Have you ever received a letter and just gone, ‘You what!’ and thrown it in the bin? Me too. I’ve written about it here.
I can’t abide words written in officialese. It never helps anyone when you can’t understand a word.
Here are five tips to help you write in plain English and see your business grow…
1. Stop and think
Pause before you write anything and decide what points you want to make. Then create a plan in a logical order. This way you’ll be able to get flow in your writing so your reader can follow it.
2. Who’s your audience?
There’s no point writing something your reader won’t be interested in or find useful. If you write sincerely, personally, in a style that’s suitable for your audience and with the right tone of voice, you’ll be off to a great start.
Use ‘you’ and ‘we’: Although your reader may be one of many, it’s more personal and engaging to call them ‘you’ as if there were no-one else. If you were chatting face-to-face, would you call them ‘the client’ or ‘the customer?’
‘We can help you deal with anxiety’ vs. ‘We help our clients deal with anxiety’
You’ll see I’ve also called the organisation ‘we’ because it’s more personal:
‘We can help you deal with anxiety’ vs. ‘The Hypnotherapy Hub can help you deal with anxiety’
It’s ok to use contractions: When you’re talking business with your client face-to-face, over coffee perhaps, it’s likely you’ll shorten words as you speak:
E.g. ‘You will’ becomes ‘You’ll’ ‘ and ‘I have’ becomes ‘I’ve’
It’s easier. And your reader will feel more like they’re having a conversation with you – a very human need.
3. Keep things simple
You must make things as easy as possible for your reader if you want them to actually read, so…
Be concise: Prefer short words and sentences. Be punchy. When you get to the point quickly your writing will have more impact. Sentences with 15-20 words work well, but do vary the length and mix up short and long ones. And try to keep to one main idea per sentence. While longer sentences can be helpful at times, they can mostly be broken up.
Use everyday English: Choose text suitable for your reader using the simplest words that work for them. Meaning words your reader will understand, not just simple ones. So remove in-house jargon and explain technical terms where possible. Don’t bamboozle your reader with specialist terms or they’ll probably run a mile!
‘Tetraxylopteris reposana – a new species of progymnosperm from the Devonian of Venezuela’
‘Tetraxylopteris reposana – a new fossil plant from Venezuela that’s 365 million years old’
The first is great if your audience are palaeobotanists (experts on fossil plants). The general public, not so much.
4. Engage your reader
If your reader is bored they won’t keep reading so can’t know what you’re offering. And won’t buy from you. To keep their interest…
Choose the active voice: This sounds crisp and professional unlike the passive voice which is often stuffy and bureaucratic.
‘We will only deliver between 9.30am and 3.30pm’
‘Delivery procedures will be adhered to between 9.30am and 3.30pm’
But the passive voice is appropriate at times:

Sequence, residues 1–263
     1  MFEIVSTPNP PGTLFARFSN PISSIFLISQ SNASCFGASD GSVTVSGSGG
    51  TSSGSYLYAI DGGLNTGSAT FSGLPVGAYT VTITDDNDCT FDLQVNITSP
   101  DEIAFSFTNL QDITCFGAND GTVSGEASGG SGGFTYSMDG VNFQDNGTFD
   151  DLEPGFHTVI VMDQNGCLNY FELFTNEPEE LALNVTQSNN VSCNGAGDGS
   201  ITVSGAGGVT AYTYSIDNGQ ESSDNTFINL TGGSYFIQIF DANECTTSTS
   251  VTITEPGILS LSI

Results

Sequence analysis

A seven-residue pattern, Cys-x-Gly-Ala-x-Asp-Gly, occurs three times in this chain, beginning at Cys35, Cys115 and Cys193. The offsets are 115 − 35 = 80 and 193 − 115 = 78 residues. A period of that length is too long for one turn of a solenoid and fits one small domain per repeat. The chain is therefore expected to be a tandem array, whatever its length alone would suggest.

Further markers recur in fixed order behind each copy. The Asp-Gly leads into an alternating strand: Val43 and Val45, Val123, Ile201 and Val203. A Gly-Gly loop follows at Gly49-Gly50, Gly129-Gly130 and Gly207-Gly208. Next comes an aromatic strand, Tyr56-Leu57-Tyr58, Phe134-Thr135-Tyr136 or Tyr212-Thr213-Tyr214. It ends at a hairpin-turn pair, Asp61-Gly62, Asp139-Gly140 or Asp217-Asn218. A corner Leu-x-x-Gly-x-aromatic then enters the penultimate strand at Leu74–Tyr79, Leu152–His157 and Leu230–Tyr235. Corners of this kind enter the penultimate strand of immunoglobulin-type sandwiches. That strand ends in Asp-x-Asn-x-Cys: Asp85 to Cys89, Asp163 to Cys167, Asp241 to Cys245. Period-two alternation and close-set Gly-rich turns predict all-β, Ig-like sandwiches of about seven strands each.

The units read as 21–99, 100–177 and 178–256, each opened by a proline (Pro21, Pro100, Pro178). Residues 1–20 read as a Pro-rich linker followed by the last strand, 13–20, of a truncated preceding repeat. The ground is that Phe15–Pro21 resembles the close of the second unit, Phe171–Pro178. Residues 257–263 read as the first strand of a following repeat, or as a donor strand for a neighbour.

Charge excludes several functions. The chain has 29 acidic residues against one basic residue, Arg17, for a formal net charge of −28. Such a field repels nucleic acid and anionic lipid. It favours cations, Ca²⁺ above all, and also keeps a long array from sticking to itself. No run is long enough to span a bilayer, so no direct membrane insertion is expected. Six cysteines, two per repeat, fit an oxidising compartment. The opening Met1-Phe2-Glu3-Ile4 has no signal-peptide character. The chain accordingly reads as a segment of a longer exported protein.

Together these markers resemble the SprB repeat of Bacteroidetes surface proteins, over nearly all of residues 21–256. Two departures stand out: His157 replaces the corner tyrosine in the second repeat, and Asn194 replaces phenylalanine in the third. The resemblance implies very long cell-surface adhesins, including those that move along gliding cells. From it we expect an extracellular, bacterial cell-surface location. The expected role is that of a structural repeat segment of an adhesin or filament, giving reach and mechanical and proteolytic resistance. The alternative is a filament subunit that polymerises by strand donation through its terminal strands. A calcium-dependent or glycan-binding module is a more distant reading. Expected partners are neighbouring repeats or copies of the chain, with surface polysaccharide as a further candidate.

‘This bill has not been paid’
‘You have not paid this bill’
The first sounds less hostile and you may get a better response. Very important if you’re trying to empathise with your reader as it helps you connect and build relationships. But do try to make 80-90% of your verbs active.
Avoid nominalisations: These are abstract nouns, or the names of things that aren’t physical objects – like processes, techniques or emotions.
E.g. ‘complete’ becomes ‘completion’ and ‘calm’ becomes ‘calmness’
It’s much clearer and more concise to omit nominalisations:
‘The last project is finished to completion’
‘The last project is complete’
Nominalisations can also make it sound like nothing’s happening which is dull and heavy-going.
‘There will be a stoppage of trains by drivers’
‘Drivers will stop trains’
The first sentence suggests trains may be stopped… at some point… perhaps. While the second indicates they certainly will.
5. Format your writing properly
Well-formatted text is pleasant and easy to read. No-one wants to be confronted with the cliff of doom (a huge wall of top-to-bottom text). So…
- use short paragraphs
- highlight words and phrases (e.g. bold, italic, coloured)
- indent text (e.g. quotes)
- use lists where appropriate
Lists are excellent to split information up. And you don’t always need to use perfect grammar and punctuation. You can start each point without a capital letter, you don’t have to end each with a full stop and your list doesn’t have to read as a full sentence for it to make sense. Breaking the so-called ‘rules’ often makes lists less cumbersome and easier to read.
Where you can, use bullet points to list your items – numbers and letters create extra information to take in.
Compare this list with the one above:
- The numbers are not necessary;
- The semi-colons complicate things; and
- While capital letters are fine, they’re not important.
Remember, writing in officialese will put people off. To see your business grow learn how to write in plain English and use it where possible. It’s clear, helpful and above all, human.
Looking for a copywriter who’ll weave your words with wisdom? Contact me here and I’ll be in touch. Meanwhile, here are 15 awesome business-blogging ideas, totally free. The perfect way to practice your plain English writing.